(1) Females are injured more often than males; (2) seek medical treatment more often than males; (3) fear for their safety more often than males; (4) are the victims of sexual violence more often than males; (5) are hurt emotionally more often than males (O'Keefe, April 2005)Most members of the academe, regardless of what they believe concerning mutual aggression, agree that females do suffer more from the consequences of dating violence than boys. However, if advocates intend to prevent these negative consequences, it is vital that media outlets, educators, public policy makers and domestic violence advocates understand the above data represents the results or consequences of the abusive behavior and consequences are not precipitating causes. We need to know the cause to provide the cure. A growing number of intimate partner violence studies reveal that the primary predictor of being physically assaulted, regardless of severity, is to initiate the assaultive behavior. It is difficult to improbable to use the argument of self-defense when the person claiming self-defense is the person who actually initiates the assaultive behavior. Further, the straw man argument of disproportionate response would be mute if there was no initiation. Studies and surveys of interpersonal relationships, regardless of age, must ask about initiation. The fact is, despite ubiquitous claims to the contrary, there is not a single empirical evidence-based study that clearly documents that the majority of assaults by girls are in self-defensive. One of the few studies that did ask the self-defense question, Gender differences in adolescent dating abuse prevalence, types and injuries documents that females do perpetrate more assaults than males out of self-defense. However, the survey also notes that when controlling for self-defense girls still initiate more mild, moderate and severe dating violence than boys. Conclusion Cause is generally defined as that without which an effect or a phenomenon would not exist. For that reason the proper and unbiased identification of context and circumstances must be placed before the consequence to effectively minimize or eliminate that consequence (Straus, 2006). Minimizing or ignoring female offending and male victimization suggests an ignorance of the data or a lack of compassion for male victimization. Do victims, regardless of gender, need to be victimized in the same manner and in equal numbers to be recognized as victims? Regardless of percentage differentials, if advocates intend to prevent dating violence, advocates must more openly and honestly recognize all offenders and victims with an understanding of the context and circumstances of both offending and victimization. The authors of the DOJ sponsored report Teen Dating Violence: A Closer Look at Adolescent Romantic Relationships on page 38 note that:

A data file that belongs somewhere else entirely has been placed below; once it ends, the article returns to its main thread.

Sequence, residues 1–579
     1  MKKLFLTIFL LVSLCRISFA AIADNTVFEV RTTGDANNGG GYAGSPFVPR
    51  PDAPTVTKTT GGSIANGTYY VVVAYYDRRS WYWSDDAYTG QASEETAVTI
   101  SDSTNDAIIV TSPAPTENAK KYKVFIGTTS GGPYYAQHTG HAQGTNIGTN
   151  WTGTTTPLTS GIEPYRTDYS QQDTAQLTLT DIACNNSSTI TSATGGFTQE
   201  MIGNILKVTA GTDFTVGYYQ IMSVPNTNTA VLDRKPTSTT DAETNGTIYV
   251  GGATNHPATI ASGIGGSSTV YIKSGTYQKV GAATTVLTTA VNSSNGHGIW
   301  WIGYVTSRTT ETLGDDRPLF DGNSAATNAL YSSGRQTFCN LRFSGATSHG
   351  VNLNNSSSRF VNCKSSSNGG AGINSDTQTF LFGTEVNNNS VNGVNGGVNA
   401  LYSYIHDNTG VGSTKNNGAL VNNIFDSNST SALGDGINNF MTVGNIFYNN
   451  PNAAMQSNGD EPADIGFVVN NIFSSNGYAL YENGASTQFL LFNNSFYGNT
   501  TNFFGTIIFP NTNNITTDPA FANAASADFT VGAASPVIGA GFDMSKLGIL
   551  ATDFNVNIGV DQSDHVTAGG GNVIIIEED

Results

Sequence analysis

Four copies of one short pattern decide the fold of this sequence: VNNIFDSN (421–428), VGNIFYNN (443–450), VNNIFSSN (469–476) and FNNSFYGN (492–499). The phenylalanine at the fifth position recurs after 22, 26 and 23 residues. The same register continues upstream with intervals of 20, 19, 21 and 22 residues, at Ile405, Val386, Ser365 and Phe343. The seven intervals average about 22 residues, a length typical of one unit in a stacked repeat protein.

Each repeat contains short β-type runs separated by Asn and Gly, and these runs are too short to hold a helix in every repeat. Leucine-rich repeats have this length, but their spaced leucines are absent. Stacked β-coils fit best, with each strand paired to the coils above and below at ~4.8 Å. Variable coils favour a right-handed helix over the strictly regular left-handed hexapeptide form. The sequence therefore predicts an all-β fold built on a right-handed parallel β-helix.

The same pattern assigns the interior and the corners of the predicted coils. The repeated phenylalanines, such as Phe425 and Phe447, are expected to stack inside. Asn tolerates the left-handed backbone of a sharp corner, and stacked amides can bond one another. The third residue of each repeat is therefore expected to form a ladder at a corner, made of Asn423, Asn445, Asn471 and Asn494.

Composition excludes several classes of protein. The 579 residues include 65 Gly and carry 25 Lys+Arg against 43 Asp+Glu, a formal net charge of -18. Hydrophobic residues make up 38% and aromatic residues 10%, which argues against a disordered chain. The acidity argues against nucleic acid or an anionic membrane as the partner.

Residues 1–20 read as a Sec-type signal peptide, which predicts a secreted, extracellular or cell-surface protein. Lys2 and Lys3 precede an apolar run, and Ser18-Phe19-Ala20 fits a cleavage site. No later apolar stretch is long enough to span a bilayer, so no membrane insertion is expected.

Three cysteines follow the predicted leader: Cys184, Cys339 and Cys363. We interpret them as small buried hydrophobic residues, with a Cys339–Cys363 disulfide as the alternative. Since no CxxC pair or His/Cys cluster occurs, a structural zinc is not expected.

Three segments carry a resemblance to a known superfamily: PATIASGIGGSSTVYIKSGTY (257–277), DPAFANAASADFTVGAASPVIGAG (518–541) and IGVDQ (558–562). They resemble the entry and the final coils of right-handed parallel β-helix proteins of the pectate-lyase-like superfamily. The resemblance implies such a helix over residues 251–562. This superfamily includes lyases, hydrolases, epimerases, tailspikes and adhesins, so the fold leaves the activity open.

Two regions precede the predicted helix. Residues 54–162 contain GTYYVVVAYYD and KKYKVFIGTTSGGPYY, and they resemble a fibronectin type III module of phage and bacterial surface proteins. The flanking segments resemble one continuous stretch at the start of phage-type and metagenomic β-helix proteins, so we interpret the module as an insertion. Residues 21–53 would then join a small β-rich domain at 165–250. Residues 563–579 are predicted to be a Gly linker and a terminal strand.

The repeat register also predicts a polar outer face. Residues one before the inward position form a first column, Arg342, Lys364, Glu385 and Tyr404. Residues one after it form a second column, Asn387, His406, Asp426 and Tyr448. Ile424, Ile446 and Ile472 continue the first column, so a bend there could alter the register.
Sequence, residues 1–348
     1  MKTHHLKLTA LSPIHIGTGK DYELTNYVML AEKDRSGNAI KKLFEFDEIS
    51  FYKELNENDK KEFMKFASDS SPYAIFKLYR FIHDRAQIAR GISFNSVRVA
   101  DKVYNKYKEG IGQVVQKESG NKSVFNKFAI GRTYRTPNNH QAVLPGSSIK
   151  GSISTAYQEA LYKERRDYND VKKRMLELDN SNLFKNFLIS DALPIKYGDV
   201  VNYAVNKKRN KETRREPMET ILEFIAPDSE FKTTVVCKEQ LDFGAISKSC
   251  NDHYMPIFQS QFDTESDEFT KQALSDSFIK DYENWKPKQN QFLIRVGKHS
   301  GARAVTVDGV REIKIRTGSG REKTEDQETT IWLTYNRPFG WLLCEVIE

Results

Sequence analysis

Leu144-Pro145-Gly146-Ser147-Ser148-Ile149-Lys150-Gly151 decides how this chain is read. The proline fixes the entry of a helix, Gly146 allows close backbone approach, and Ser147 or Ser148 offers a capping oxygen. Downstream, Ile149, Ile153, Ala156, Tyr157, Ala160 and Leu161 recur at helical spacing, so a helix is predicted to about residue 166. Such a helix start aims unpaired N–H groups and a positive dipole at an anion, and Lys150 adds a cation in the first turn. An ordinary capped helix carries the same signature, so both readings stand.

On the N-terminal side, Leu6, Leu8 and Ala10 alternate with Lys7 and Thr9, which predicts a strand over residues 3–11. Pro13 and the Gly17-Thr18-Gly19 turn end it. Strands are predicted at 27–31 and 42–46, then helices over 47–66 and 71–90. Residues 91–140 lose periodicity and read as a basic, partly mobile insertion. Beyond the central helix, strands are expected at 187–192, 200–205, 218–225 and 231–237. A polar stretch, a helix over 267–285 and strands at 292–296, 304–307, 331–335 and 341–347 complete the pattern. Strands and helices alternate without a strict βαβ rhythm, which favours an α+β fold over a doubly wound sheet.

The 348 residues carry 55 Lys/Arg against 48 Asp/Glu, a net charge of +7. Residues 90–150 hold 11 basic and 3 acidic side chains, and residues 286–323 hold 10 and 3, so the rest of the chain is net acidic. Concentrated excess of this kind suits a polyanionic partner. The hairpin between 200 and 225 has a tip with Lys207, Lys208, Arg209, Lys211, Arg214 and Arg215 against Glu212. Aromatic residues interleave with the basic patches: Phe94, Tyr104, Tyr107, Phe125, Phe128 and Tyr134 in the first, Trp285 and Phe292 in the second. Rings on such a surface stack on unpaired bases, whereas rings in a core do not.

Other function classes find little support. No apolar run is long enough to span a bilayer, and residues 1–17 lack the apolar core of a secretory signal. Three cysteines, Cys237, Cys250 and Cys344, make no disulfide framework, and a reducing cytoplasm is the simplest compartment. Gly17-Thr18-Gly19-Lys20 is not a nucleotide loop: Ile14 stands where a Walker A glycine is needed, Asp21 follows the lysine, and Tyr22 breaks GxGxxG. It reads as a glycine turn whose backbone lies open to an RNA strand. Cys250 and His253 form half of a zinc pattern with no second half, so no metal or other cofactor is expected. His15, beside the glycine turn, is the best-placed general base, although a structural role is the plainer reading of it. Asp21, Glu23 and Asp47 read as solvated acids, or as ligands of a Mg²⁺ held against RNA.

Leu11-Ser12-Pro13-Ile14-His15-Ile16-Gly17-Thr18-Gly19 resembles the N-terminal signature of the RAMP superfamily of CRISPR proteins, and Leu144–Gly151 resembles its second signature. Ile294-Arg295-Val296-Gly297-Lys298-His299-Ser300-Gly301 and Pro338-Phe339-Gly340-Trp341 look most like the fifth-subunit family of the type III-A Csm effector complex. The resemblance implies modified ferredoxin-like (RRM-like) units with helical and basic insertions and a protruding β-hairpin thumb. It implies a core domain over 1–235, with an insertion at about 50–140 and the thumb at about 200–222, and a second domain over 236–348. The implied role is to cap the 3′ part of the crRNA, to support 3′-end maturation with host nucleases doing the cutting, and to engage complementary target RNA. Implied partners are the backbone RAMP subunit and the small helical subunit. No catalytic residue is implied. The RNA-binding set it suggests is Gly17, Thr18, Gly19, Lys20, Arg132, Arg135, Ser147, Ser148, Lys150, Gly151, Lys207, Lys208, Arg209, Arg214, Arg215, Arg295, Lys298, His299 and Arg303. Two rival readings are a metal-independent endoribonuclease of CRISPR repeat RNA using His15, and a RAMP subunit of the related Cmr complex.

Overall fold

Because girls engage in high levels of physical aggression and psychological abuse and most abusive relationships are characterized by mutual aggression, prevention efforts must be directed toward both males and females, and interventions for victims should include services and programming for boys and girls.A cursorary view of the majority of domestic violence organization websites reveals that, similar to the LCI- PGTDV handbook and the ABC news report, the above advice is ignored. Domestic violence interveners should not apply the adult heterosexual Duluth model when providing dating violence interventions and programs. The Duluth model blames the patriarchy, sexism and the subjugation of females by males as the exclusive or primary cause of violence against females. There are little to no empirical evidence-based studies that support the Duluth model as being effective for adults or teens. For the sake of our daughters and our sons, domestic and dating violence advocates and researchers must end the gender blame game. The LCI sponsored TRAS clearly documents that both genders share the blame. It is vital that we identify all behaviors that play a precipitative role in conflict and how that conflict may become a precursor to destructive consequences. Dating violence advocates may discover that more males will become engaged in prevention and intervention efforts when dating violence organizations cease dismissing female offending and male victimization as rare or inconsequential. Most importantly it must be recognized that the context and circumstance factors in the TRAS do not begin the day adolescents becomes teenagers nor end the day teenagers becomes adults. We hope that, perhaps one day soon, someone in a media outlet or public policy or domestic violence advocates will read the above hyperlinked studies and surveys. The TRAS clearly documents, despite what the handbook claims, that the vast majority of abuse in dating relationships is not committed by young men. LCI needs to answer why it ignores the data in its own survey. If you are reading this in print, you may use the search engine of your choice to read the above surveys and studies. After you read the hyperlinked studies and surveys please feel free to contact us at [email protected] with your comments or concerns.